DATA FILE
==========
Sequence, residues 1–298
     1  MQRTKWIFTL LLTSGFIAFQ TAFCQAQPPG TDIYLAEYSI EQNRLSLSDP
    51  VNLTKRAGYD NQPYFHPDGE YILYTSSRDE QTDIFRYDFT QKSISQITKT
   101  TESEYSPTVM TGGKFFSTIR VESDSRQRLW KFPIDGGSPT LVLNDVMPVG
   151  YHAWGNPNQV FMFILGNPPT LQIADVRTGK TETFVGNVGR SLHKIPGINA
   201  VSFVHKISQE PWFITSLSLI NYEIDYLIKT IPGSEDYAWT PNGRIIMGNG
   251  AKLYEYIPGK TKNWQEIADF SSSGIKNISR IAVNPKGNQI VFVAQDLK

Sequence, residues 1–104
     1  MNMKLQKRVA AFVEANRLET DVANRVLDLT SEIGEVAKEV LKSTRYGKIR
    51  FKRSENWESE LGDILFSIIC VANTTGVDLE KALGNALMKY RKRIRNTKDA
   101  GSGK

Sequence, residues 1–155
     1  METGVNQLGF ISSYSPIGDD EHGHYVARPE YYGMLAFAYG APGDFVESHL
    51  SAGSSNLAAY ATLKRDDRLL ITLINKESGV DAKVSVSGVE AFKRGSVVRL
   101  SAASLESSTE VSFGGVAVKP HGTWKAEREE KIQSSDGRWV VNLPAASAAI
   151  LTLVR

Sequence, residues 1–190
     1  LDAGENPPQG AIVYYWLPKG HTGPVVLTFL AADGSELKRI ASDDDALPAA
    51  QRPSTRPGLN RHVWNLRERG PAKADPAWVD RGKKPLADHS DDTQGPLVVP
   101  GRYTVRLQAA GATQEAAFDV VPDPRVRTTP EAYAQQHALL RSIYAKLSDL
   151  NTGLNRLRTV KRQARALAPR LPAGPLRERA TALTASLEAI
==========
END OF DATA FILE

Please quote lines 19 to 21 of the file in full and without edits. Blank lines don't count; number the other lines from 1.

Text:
    51  QRPSTRPGLN RHVWNLRERG PAKADPAWVD RGKKPLADHS DDTQGPLVVP
   101  GRYTVRLQAA GATQEAAFDV VPDPRVRTTP EAYAQQHALL RSIYAKLSDL
   151  NTGLNRLRTV KRQARALAPR LPAGPLRERA TALTASLEAI